Readiness to treat and factors associated with survival of newborns with breathing difficulties in Ethiopia
BMC Health Services Research volume 19, Article number: 552 (2019)
Ethiopia is one of five countries that account for half of the world’s 2.6 million newborn deaths. A quarter of neonatal deaths in Ethiopia are caused by birth asphyxia. Understanding different dimensions of the quality of care for newborns with breathing difficulties can lead to improving service provision environments and practice. We describe facility readiness to treat newborns with breathing difficulties, the extent to which newborn resuscitation is provided, and by modeling the survival of newborns with difficulties breathing, we identify key factors that suggest how mortality from asphyxia can be reduced.
We carried out a secondary analysis of the 2016 Ethiopia Emergency Obstetric and Newborn Care Assessment that included 3804 facilities providing childbirth services and 2433 chart reviews of babies born with difficulties breathing. We used descriptive statistics to assess health facilities’ readiness to treat these newborns and a binary logistic regression to identify factors associated with survival.
Over one-quarter of facilities did not have small-sized masks (size 0 or 1) to complete the resuscitation kits. Among the 2190 cases with known survival status, 49% died before discharge, and among 1035 cases with better data quality, 29% died. The odds of surviving birth asphyxia after resuscitation increased eightfold compared to newborns not resuscitated. Other predictors for survival were the availability of a newborn corner, born at term or post-term, normal birth weight (≥2500 g) and delivered by cesarean or assisted vaginal delivery.
The survival status of newborns with birth asphyxia was low, particularly in the primary care facilities that lacked the required resuscitation pack. Newborns born in a facility with better data quality were more likely to survive than those born in facilities with poor data quality. Equipping health centers/clinics with resuscitation packs and reducing the incidence of preterm and low birth weight babies should improve survival rates.
Globally, intrapartum complications that manifest themselves as difficulties to initiate or sustain breathing are one of the major causes of perinatal and neonatal mortality and morbidity in low and middle-income countries (LMICs) [1,2,3,4,5]. Often referred to as birth asphyxia, they account for about a quarter of all neonatal deaths . According to the World Health Organization (WHO), the condition is characterized by an impairment in the exchange of respiratory gases (oxygen and carbon dioxide), which results in hypoxemia and hypercapnia, accompanied by metabolic acidosis [2, 3]. About 3% of live births, or 3.6 million infants, suffer from moderate to severe asphyxia in LMICs. Of those, 23%, or 840,000 newborns die each year [1, 2, 7]. In countries with high neonatal mortality rates, this rate can be eight times higher than in those with low neonatal mortality rates [8, 9].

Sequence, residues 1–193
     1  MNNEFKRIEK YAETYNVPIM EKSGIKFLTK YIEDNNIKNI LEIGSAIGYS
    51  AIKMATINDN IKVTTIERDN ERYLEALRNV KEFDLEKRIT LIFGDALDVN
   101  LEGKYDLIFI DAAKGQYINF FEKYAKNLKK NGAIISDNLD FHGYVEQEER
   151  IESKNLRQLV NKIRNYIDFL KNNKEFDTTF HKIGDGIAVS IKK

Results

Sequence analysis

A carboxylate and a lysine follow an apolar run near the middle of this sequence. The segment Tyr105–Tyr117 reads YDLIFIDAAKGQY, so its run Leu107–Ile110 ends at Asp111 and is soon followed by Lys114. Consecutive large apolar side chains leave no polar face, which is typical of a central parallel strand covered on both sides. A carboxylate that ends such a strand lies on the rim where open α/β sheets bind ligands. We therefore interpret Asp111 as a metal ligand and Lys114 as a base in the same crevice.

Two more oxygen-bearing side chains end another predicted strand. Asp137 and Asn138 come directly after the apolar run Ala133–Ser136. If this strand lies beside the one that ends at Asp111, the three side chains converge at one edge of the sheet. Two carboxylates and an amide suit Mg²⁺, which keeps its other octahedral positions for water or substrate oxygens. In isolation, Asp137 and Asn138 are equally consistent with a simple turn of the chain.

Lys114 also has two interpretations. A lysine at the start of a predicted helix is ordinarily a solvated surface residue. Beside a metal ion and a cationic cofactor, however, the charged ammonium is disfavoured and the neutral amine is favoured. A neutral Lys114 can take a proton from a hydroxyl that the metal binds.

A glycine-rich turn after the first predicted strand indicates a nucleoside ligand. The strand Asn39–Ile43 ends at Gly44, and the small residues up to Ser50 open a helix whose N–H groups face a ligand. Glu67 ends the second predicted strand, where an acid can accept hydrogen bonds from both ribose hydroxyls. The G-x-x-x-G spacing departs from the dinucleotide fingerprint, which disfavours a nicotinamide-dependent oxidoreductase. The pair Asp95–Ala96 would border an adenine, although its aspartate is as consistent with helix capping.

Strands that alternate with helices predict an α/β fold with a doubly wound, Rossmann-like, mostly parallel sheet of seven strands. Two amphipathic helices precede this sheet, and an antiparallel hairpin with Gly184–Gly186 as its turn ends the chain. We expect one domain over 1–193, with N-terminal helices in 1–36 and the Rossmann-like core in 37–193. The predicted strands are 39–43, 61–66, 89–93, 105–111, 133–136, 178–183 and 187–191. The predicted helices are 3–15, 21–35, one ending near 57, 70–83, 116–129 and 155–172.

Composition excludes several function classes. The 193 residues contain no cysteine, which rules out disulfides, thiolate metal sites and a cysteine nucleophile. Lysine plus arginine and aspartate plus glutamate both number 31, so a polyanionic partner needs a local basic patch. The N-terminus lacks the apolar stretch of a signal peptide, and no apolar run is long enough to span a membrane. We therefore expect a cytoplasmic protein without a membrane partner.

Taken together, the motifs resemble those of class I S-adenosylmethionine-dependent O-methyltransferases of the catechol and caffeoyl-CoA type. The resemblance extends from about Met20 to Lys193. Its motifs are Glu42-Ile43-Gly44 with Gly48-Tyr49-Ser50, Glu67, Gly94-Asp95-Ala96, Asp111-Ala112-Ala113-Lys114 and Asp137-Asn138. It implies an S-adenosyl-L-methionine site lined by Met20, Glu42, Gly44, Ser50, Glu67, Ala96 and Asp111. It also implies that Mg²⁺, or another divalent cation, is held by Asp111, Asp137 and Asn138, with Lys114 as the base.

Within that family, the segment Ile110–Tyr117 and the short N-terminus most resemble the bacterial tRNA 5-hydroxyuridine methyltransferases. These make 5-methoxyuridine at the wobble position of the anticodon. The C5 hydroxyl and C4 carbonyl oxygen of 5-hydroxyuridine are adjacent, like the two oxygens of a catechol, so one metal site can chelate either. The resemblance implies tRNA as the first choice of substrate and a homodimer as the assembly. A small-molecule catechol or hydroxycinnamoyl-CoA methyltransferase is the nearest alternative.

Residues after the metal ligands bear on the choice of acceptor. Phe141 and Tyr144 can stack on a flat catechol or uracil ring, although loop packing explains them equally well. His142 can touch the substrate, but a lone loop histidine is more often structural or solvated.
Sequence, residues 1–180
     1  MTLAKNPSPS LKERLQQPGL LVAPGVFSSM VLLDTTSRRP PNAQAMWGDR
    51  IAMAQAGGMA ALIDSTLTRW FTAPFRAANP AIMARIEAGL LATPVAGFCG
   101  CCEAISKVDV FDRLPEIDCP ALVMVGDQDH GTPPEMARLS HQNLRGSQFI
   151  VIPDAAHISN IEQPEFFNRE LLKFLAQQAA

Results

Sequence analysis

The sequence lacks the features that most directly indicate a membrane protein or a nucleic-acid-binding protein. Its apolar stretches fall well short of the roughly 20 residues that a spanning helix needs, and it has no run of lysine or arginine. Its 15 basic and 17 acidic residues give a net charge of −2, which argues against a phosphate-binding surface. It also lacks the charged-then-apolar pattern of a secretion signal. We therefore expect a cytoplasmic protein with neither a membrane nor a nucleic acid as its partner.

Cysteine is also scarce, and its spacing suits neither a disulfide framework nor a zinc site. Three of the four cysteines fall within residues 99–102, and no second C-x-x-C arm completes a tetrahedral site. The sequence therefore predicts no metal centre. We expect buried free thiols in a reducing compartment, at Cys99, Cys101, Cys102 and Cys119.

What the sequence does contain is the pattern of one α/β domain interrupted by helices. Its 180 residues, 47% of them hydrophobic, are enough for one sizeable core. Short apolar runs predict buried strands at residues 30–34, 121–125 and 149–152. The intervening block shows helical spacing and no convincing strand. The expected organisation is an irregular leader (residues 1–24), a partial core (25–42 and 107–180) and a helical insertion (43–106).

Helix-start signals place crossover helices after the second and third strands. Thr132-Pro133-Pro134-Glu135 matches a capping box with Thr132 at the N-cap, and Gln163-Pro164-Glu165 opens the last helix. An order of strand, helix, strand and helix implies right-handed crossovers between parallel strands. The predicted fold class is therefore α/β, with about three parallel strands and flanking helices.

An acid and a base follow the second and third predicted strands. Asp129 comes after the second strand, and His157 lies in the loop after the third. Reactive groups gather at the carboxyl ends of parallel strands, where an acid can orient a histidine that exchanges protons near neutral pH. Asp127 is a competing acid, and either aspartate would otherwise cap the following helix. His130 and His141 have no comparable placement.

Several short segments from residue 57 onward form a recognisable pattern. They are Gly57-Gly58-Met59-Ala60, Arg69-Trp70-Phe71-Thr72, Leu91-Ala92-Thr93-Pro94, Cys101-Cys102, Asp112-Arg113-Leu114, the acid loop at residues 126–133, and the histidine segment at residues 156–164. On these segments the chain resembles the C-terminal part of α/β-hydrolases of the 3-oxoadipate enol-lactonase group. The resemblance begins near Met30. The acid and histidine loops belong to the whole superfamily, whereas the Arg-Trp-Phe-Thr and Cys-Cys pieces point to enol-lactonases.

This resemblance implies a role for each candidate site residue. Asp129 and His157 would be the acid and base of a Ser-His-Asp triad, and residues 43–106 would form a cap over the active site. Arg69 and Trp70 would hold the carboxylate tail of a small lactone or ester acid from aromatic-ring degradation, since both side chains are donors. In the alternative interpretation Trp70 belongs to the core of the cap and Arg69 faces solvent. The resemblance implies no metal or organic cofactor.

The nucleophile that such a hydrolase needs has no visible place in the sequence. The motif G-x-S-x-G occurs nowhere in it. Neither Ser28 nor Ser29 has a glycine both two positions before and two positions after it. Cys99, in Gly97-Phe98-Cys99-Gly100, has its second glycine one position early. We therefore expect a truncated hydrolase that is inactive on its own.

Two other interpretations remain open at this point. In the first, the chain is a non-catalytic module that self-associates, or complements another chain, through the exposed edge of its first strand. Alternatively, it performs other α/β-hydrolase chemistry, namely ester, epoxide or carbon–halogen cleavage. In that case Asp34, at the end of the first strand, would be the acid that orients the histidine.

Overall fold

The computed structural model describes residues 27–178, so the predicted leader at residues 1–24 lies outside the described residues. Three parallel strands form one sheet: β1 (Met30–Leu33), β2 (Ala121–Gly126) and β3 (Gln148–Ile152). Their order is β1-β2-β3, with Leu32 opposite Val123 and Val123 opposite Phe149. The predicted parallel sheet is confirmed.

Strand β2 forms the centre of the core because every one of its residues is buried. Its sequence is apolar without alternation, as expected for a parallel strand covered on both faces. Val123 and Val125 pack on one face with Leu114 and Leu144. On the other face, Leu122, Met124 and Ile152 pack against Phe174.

Neonatal mortality remains a pervasive issue in most LMICs, with about 38% of all cases coming from countries in sub-Saharan Africa. Ethiopia is among the five countries that accounted for half of the 2.6 million newborn deaths in 2016 [1, 10,11,12,13]. The country’s neonatal mortality rate of 29/1000 live births has remained relatively stable despite overall improvements in under-five mortality. Nearly a quarter of these neonatal deaths were caused by birth asphyxia [11,12,13].
With all the challenges mentioned above, simple investments of procuring and distributing neonatal resuscitation equipment (neonatal size self-inflating bag and mask and suction aspirators) to mid-level health facilities like health centers and clinics can avert many infant deaths due to breathing difficulties at birth. In addition, the availability of health workers who attend delivery and trained in Helping Babies Breathe (HBB) is a crucial step to improve survival of these babies from breathing difficulties [14, 15].
Neonatal resuscitation with bag and mask is a highly cost-effective method of addressing the risks of neonatal mortality and severe morbidities from breathing difficulties at birth [16,17,18]. In resource-limited countries, very simple interventions like drying, stimulating and keeping the babies warm may even be enough to save the lives of babies with breathing difficulties [7, 15, 19, 20].
Currently, there is a need for standardizing evaluations of clinical practices and services for newborns, particularly for preterm and resuscitated babies in newborn intensive care units (NICUs) and delivery rooms [2, 7, 8]. In Ethiopia there are few large-scale analyses on the readiness to provide care to newborns with breathing difficulties at birth or on their survival ; those that exist tend to be geographic- or facility-specific studies. Drawing on the WHO quality of care conceptual framework, which addresses eight process-related domains of quality of care, this study presents insights into four of those eight domains. They include “the evidence-based practice of routine care and management of complications,” in our case the management of intrapartum complications with newborn resuscitation, “actionable information systems,” the availability of “competent, motivated human resources” and “essential physical resources” . Our study describes facility readiness to treat newborns born not breathing or with breathing difficulties and the extent to which newborn resuscitation is provided at both hospital level and health centers and clinics. Secondly, by modeling the survival of newborns with difficulties breathing, we identify key factors that suggest how mortality from asphyxia can be reduced.